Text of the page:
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  • Retina/Vitreous

    Review of: Vitrectomy versus vitrectomy with scleral buckling in the treatment of giant retinal tear related retinal detachments

    Ong S, Ahmed I, Gonzales A, et al. Ophthalmology Retina, July 2022

    The benefit of scleral buckle (SB) in treating giant-retinal tear–associated (GRT) retinal detachment is unclear. As pars plana vitrectomy (PPV) gains popularity, foregoing SB under local anesthesia means circumventing pain for the patient and high stress for the surgeon. This study attempts to determine if scleral buckle brings about an added benefit, either anatomical or in terms of vision outcome.

    Study design

    This is an international multicenter retrospective cohort study analyzing 200 eyes that were surgically treated with PPV vs combined with scleral buckle (PPV/SB). The overall single surgery anatomic success (SSAS) at 6 months and 1 year was determined. Complication rates and visual acuity outcomes also were also studied.


    Of the 200 eyes included in the study, 101 eyes underwent PPV and 99 underwent PPV/SB. Baseline demographics were equivalent between the 2 groups. The overall SSAS for adults at 6 months (82.2% for PPV alone and 87.9% for PPV/SB) and 1 year (77.2% for PPV alone and 85.7% for PPV/SB) were not statistically different between the 2 cohorts. Visual outcomes also were similar for the adults in each cohort. However, for children, the 1-year SSAS was higher for PPV/SB (88.5%) vs PPV (56.3%). The postoperative complications were similar between the 2 groups.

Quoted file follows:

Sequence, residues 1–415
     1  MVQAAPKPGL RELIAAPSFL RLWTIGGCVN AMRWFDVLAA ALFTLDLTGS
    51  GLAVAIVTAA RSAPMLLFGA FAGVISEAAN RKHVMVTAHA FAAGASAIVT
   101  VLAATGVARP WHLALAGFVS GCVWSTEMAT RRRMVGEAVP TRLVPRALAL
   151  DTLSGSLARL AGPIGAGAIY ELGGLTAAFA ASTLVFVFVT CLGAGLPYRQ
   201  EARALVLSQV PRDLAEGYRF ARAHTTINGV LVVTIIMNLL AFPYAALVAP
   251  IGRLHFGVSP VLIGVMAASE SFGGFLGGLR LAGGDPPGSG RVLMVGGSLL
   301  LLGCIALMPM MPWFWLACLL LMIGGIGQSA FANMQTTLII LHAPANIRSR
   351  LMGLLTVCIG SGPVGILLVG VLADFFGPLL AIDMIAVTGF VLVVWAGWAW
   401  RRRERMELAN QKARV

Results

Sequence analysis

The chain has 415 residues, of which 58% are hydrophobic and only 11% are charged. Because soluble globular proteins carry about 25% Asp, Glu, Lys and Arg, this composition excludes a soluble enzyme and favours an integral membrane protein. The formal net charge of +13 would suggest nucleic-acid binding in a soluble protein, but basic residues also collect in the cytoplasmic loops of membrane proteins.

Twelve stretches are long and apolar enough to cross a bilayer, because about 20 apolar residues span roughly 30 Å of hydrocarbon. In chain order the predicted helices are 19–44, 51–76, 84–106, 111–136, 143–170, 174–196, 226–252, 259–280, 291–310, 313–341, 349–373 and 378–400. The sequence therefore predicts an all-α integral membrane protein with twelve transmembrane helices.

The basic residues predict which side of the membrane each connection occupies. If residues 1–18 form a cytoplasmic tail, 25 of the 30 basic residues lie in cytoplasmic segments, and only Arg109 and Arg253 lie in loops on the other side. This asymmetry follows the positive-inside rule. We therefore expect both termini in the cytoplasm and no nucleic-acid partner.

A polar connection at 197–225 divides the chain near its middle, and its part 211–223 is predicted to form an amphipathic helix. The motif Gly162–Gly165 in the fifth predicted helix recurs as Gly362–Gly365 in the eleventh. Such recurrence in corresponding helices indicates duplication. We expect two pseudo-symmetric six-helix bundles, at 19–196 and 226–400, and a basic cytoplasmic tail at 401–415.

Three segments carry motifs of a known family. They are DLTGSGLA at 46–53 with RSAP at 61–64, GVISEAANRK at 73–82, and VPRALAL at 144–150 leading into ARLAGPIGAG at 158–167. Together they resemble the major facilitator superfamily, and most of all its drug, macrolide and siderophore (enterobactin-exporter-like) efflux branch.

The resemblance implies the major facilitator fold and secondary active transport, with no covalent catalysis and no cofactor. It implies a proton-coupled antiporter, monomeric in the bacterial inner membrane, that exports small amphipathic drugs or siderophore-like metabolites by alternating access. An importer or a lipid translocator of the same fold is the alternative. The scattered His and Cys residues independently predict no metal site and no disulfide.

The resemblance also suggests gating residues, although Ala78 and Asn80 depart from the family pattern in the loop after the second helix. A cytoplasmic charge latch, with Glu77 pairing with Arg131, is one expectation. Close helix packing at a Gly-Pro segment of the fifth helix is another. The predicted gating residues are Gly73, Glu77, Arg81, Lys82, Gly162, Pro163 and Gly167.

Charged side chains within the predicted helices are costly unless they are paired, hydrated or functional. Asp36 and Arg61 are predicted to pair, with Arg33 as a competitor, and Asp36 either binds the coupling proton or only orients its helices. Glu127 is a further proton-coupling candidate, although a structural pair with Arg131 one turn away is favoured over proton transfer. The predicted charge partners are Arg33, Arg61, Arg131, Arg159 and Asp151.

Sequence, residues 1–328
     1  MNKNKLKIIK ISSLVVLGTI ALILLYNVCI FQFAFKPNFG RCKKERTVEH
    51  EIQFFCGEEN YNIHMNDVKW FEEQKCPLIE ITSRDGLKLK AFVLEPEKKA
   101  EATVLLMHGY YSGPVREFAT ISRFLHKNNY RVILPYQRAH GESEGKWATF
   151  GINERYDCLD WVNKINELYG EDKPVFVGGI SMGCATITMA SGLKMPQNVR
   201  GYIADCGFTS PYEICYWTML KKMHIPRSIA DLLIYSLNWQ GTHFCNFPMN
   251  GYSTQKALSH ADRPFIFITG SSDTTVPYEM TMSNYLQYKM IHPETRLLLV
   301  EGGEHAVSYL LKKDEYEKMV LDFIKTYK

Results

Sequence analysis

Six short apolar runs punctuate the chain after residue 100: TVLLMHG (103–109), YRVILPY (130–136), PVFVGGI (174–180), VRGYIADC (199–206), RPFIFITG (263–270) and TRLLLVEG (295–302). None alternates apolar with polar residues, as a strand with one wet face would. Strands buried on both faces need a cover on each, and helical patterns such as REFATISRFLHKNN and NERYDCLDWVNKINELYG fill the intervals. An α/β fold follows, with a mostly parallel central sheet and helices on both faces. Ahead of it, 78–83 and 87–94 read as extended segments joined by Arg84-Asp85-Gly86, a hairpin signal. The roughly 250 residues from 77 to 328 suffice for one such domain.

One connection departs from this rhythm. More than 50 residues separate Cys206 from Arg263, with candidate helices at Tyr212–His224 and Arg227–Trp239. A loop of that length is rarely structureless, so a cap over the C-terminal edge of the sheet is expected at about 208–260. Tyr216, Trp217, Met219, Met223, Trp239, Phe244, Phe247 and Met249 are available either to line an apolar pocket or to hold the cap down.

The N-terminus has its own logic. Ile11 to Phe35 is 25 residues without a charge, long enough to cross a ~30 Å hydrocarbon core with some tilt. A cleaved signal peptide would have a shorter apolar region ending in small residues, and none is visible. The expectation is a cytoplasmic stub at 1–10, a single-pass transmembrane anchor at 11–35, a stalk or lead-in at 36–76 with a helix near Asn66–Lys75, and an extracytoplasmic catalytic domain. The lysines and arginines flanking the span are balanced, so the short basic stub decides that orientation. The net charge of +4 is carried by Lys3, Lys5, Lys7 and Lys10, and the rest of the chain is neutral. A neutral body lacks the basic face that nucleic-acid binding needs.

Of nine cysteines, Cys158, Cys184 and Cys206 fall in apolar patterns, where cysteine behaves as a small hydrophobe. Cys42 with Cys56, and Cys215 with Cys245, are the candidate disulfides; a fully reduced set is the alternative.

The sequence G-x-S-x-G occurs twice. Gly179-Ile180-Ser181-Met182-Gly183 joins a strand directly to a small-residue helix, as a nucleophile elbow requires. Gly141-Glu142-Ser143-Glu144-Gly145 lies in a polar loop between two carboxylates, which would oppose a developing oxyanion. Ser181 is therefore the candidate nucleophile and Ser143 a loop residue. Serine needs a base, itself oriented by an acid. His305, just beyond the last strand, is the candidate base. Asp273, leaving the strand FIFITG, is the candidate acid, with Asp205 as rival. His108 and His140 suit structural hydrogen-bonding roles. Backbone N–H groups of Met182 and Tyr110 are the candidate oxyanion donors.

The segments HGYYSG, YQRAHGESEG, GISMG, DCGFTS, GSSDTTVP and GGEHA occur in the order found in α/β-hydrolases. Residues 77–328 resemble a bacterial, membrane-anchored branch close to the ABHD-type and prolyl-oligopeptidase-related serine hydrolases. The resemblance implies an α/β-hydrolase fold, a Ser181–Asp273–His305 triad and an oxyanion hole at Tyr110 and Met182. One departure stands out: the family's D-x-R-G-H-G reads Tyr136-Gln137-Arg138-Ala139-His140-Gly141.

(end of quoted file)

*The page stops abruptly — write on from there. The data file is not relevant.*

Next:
Interpretation of the data was hampered by the limitations inherent in retrospective studies. Also, because this was a multicenter international study, surgical techniques were not standardized. The way refraction was performed at the end of 6 months and 1 year was not based on consensus, which limits the interpretation of the BCVA results.

    Clinical significance

    This study demonstrates that managing GRT retinal detachment with either PPV or PPV/SB results in similar SSAS, visual acuity, and complication rate in adults. However, in the pediatric population (children <18 years old), the 1-year SSAS was higher for PPV/SB vs PPV alone.